Understanding key to making changes
Dear Leanne: Every January I look forward to reading about the new colour trends for the upcoming year. But I am never sure how to use them in my home so that they look good with what I have already.
So I generally procrastinate ... and by November I find myself in the same surroundings. Help! I want to keep my promise this year, but where do I begin?
A: First of all, give yourself a break. I am sure that your home is very comfortable or you would have made the necessary changes.
Perhaps by understanding how the design trends come about you can decide confidently which ones you may wish to adopt. I get the sense that you feel an uncontrollable pressure to take on new home fashion styles as they are presented.
I suggest you take a step back and evaluate what your space has to offer. Make a list of what you really like about what you have. Use adjectives to describe these rooms, for example: spacious, cosy, open, bright.
Now make a list of what you don’t like about your room. Be specific. Again, use adjectives to help you pinpoint where to make impactful changes. Are fabrics worn, wall colour uninspiring, carpet dingy?
This list will help to guide you through the process of taking on a big design project and breaking it down into smaller, more manageable tasks. It is exciting to read the new lists of home trends for the coming year. It gives us a fresh perspective of the possibilities for our own homes.
However, these are only options - they are not directives. When it comes to colour trends, these lists are not merely created on whims and guesses. The colours are selected based on what researchers feel will provide the greatest marketing edge to a product.
While this may sound cold and manipulative, we are the ones driving these trends and not the trends driving us. Groups such as the Color Marketing Group and the Pantone Color Group are two leaders in the colour forecast market. Typically these groups study the social, political and economic climate of the world and offer colour suggestions that we will approve of.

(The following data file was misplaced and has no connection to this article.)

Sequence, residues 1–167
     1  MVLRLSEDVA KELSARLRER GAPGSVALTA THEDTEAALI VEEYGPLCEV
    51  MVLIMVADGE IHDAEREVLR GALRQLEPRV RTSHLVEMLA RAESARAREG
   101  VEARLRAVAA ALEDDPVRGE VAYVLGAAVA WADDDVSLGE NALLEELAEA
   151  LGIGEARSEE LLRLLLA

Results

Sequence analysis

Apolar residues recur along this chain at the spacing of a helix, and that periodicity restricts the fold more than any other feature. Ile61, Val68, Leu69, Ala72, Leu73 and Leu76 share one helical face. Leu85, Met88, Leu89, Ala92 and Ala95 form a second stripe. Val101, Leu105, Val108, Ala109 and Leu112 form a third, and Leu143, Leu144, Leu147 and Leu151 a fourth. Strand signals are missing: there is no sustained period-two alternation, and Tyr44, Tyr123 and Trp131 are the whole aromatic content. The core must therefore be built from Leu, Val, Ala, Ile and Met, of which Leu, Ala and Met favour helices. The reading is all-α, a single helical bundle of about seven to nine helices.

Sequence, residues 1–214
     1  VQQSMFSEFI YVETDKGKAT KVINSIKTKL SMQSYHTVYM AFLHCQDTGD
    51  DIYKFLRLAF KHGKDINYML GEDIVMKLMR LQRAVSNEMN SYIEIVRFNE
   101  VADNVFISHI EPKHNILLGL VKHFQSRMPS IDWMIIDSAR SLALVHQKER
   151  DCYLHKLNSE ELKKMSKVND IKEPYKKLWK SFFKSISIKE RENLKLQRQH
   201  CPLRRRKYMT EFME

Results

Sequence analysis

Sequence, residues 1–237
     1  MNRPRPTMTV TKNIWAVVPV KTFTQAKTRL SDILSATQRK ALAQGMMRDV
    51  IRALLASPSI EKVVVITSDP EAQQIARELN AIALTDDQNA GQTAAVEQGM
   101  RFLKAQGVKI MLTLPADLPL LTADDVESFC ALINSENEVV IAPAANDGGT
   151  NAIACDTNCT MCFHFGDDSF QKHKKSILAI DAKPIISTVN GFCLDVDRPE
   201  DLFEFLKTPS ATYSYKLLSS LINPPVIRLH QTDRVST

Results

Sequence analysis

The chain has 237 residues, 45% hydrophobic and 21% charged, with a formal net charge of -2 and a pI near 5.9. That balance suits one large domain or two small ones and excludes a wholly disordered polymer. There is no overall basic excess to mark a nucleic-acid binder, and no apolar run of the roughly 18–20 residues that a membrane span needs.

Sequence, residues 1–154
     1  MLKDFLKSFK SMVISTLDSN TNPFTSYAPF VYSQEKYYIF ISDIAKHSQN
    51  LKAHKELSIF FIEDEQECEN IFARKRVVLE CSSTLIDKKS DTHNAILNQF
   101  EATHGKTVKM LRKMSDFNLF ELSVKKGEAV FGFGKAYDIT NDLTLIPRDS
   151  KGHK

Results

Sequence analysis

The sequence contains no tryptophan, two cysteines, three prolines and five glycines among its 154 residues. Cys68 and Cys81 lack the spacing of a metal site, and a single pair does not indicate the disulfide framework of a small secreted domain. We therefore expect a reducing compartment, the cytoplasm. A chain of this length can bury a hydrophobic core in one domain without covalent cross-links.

Historically, during recessionary times, trends are more subdued and serious. During boom years, colours are more exuberant and energetic.
In 2010, we are in an in-between colour era. One that is based on caution, mixed with the sense of hope. So to provide us, the consumer, with products that we will purchase and surround ourselves with, the markets will offer items that will attempt to boost our confidence and confirm that we have made good decisions.
As is true every year, the newly unveiled hues offer selections from every colour imaginable, so there is always something to inspire everyone. Look for larger-ticket items to be in neutral tones, allowing accessories to pack the visual punch.
Trendsetters are taking a pointer or two from the attire of U.S. first lady Michelle Obama. Yellows and gold tones have already influenced the paint and fabric industries and we will likely see such optimistic colours make their way into the bedroom and bathrooms again.
Other design trends that will continue to dominate are those that focus on Mother Earth. Renewable resources and natural products will be highly fashionable this year. So expect to see the neutral palette tinged with browns, charcoal, greys, blues and violet.
Although the neutral tones may be muted, there are rich palettes that are inspired by ethnic and tribal influences. These colours will be exotic, but they will also promise longevity in the design world.
As I said earlier, these new colours offer something for everyone. With that in mind, there is a colour palette that pays tribute to the growing interest in Japanese animation, offering a colourful yet cleaver combination of hues that are perfect for a whimsical environment. These are only a few of the trends that will be offered in the upcoming season.
The important thing is to identify what you want your environment to do for you. Keep the important things and discard the superfluous. If you need a high-ticket item, such as a sofa, perhaps select from the neutral shades in a tone that you can live with and then add strong punches of colour in your accessories.
Paint is always a great place to get inspired. Colour is the first element to ever be noticed and wall colour definitely sets the tone of the room.
Black, red and orange make up the Asian-inspired colour palette for this simple, but dramatic bathroom vignette.